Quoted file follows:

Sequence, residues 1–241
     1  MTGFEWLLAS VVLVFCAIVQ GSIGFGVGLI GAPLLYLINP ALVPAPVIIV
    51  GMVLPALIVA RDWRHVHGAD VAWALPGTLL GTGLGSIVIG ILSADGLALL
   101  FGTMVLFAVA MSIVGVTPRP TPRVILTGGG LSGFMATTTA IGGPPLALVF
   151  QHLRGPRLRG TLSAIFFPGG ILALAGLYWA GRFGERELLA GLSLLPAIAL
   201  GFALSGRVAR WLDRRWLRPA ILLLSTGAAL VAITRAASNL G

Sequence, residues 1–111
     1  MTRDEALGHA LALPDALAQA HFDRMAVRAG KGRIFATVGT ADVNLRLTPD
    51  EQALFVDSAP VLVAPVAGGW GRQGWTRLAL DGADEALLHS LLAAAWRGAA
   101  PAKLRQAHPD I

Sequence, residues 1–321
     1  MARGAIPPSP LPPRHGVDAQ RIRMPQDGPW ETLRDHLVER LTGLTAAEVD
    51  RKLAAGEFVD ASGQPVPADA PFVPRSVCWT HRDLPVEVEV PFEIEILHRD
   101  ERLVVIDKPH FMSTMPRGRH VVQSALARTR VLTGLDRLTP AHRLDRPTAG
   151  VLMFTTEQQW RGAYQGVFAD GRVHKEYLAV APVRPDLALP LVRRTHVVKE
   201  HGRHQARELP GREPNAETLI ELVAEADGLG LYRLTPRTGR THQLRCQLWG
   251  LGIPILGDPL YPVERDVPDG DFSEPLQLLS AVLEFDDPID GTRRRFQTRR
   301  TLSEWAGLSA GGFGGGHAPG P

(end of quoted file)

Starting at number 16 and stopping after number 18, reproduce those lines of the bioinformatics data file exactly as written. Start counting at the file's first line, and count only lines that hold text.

   201  HGRHQARELP GREPNAETLI ELVAEADGLG LYRLTPRTGR THQLRCQLWG
   251  LGIPILGDPL YPVERDVPDG DFSEPLQLLS AVLEFDDPID GTRRRFQTRR
   301  TLSEWAGLSA GGFGGGHAPG P